On Fri, 19 Oct 2012 01:06:32 +0100, Peter Percival wrote:
> What squares of positive integers are the sums of two or more distinct > cubes of positive integers? > > 9 = 1 + 8, 36 = 1 + 8 + 27, 100 = 1 + 8 + 27 + 64, 225 = 1 + 8 + 27 + 64 + > 125, etc. > > On the LHSs are the squares of the triangular numbers. Are there any > examples not in that sequence?
As noted in <http://mathworld.wolfram.com/CubicNumber.html>, every positive number is a sum of no more than 9 positive cubes, "proved by Dickson, Pillai, and Niven in the early twentieth century", and every sufficiently large integer is a sum of no more than 7 positive cubes. "Deshouillers et al. (2000) conjectured that 7373170279850 is the largest integer that cannot be expressed as the sum of four nonnegative cubes".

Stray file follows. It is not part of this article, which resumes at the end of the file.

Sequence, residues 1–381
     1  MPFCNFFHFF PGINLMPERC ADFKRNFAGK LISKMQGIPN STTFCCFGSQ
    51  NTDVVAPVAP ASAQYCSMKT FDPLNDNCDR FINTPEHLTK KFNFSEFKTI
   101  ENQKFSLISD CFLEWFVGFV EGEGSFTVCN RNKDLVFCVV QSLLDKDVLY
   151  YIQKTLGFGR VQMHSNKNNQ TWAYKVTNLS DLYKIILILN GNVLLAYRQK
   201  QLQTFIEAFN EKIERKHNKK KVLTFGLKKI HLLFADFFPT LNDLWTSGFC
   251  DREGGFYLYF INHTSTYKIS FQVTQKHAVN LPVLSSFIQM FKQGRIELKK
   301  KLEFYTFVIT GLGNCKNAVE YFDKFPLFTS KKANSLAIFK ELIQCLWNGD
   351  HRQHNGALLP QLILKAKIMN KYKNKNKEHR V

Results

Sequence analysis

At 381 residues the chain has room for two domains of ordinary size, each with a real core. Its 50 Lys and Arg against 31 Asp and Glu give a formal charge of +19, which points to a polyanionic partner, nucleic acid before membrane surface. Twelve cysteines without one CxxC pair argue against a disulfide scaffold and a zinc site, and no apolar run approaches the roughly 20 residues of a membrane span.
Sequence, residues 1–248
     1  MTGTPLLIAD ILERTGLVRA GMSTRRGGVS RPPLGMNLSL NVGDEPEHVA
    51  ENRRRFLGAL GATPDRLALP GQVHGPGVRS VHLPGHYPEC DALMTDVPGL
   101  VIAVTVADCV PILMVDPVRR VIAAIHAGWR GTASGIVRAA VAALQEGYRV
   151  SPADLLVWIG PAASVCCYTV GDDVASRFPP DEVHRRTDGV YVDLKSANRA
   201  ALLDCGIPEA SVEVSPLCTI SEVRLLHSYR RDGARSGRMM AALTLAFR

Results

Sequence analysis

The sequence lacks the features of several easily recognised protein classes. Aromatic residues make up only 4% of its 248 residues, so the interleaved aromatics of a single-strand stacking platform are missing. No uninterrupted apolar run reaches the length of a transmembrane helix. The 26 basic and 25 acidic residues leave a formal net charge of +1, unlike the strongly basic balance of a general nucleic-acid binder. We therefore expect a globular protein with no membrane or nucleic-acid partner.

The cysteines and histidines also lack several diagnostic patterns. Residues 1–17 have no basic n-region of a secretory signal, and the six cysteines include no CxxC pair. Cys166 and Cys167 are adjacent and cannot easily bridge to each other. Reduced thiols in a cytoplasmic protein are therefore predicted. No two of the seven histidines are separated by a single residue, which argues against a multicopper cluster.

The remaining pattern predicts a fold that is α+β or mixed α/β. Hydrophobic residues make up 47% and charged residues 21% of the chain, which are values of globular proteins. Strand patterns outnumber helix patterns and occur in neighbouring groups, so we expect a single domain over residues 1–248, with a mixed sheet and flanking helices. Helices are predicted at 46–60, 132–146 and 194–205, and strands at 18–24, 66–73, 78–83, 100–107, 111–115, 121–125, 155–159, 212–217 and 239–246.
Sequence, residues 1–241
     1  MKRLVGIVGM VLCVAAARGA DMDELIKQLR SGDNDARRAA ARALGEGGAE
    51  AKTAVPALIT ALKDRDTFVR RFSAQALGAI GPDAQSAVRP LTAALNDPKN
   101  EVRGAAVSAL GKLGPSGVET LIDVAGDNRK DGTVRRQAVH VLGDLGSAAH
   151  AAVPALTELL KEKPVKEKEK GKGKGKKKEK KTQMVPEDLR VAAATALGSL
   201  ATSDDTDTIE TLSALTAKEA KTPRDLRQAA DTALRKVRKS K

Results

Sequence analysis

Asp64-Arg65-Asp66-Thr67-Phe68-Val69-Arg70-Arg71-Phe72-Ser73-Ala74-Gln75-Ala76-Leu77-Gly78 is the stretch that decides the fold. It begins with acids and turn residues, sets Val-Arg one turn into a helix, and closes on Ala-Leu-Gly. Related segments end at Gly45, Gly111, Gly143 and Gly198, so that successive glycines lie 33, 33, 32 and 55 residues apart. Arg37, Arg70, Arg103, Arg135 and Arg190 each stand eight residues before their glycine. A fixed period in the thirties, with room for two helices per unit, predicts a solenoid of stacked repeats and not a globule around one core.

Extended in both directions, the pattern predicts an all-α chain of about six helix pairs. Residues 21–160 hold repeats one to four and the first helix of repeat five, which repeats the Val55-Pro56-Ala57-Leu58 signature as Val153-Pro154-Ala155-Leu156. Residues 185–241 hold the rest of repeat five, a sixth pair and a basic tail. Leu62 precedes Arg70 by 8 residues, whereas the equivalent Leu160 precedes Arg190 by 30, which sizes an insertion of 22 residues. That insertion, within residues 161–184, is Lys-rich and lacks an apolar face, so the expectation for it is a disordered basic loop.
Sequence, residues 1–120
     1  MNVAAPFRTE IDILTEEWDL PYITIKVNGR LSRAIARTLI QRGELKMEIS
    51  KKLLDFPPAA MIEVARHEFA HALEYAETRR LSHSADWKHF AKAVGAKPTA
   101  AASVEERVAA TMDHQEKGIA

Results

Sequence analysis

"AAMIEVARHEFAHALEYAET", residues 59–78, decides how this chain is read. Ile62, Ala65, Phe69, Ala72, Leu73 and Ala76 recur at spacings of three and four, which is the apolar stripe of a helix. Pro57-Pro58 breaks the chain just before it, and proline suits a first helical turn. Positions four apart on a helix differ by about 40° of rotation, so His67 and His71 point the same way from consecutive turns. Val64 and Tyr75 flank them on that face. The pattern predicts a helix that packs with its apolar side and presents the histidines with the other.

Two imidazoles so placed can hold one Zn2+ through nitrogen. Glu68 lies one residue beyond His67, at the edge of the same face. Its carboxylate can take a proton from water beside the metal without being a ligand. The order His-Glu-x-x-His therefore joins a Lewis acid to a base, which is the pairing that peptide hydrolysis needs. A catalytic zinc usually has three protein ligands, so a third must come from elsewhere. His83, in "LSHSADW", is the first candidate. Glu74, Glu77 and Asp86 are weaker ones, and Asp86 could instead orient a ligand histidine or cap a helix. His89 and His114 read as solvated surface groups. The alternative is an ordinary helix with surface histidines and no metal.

Let S be the set of sums of three cubes of numbers that are in the range 0 to n. There are n^3 such sums. Even though many of the sums have duplicated values, S nevertheless covers on the order of n^3 values in the range from 0 to 3 n^3, so naively the chance of a number being the sum of three cubes is in the neighborhood of 1/3. Let T be the set of sums of four cubes of numbers that are in the range 0 to n. This gives some fraction of n^4 distinct sums for numbers in the range 0 to 4 n^3, so on the average there are in the neighborhood of n/4 ways to write a number less than 4 n^3 as the sum of 4 cubes. However, among even small squares it looks like 14^2, 18^2, 20^2, and 26^2 require five cubes in their sums: